I give the advice of "fail, and fail quickly" often. It's the only time you really learn something. When you're trying a new venture, in business or art, you want to start doing it as quick as you can. Just try it, it may not work (and that's totally cool), but hopefully, you're the type of person who will learn something from that experience and try again. If all else fails, "try, try again" is really true for someone like me. If I want success, then I have to fail quickly while I still have the resources to try again. Of course, failing sucks, because it sucks to lose, but I'd rather have failed than get to the end of my life without having really won anything - so it works both ways. Plus, there are lots of ways to define losing - it's not enought to be successful at something if you don't enjoy it - then that's losing too.

AM: For you, how does business and art mix? Can you use what you learned in business in your career as an artist? 

Much of what I learned in business actually works in art as well. Project management stuff, laying out goals, figuring out if they're achievable or definable. Of course you want to avoid defining them too much - to leave room for serendipity - but just enough to get you off the ground. When I meet successful artists, who are still working, they're very organized and it helps to be professional when working with galleries or clients - to deliver when you say you're going to. You've got to be organized if you want to make a living at anything.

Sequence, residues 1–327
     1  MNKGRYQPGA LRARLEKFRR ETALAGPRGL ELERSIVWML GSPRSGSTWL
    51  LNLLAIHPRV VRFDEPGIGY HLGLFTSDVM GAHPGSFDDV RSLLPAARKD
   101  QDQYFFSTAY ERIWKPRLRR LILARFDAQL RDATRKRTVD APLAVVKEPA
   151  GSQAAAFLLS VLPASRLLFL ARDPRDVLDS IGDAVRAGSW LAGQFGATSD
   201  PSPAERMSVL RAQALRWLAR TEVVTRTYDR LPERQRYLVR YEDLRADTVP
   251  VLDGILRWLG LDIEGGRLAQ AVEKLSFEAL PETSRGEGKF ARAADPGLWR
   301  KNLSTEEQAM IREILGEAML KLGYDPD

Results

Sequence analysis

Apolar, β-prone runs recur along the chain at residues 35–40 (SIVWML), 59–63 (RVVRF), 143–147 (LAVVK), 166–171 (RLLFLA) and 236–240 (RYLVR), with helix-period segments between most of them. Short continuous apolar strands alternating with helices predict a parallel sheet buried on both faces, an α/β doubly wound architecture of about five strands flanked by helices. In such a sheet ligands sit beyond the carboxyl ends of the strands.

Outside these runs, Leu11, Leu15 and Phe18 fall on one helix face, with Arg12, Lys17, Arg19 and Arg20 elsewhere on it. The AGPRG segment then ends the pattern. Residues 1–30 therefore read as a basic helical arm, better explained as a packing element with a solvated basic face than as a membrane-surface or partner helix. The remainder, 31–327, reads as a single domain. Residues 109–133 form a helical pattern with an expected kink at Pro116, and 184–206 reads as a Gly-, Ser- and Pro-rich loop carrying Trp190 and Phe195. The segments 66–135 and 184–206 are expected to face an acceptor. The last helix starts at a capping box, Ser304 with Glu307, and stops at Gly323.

Another thing you learn in the business world, is that people don't fund projects - they fund people. It's not enough to have the coolest project in the world, you've got to be able to convey it to others - people are impressed by the person. I recently took a grant writing workshop with photo-journalist Donald Weber, who always has multiple projects going at the same time. When he comes up with a new idea, he sits down and writes 300 words about it, telling its story. He's got these all together so when he runs into someone who asks what he's doing, he's got ammo.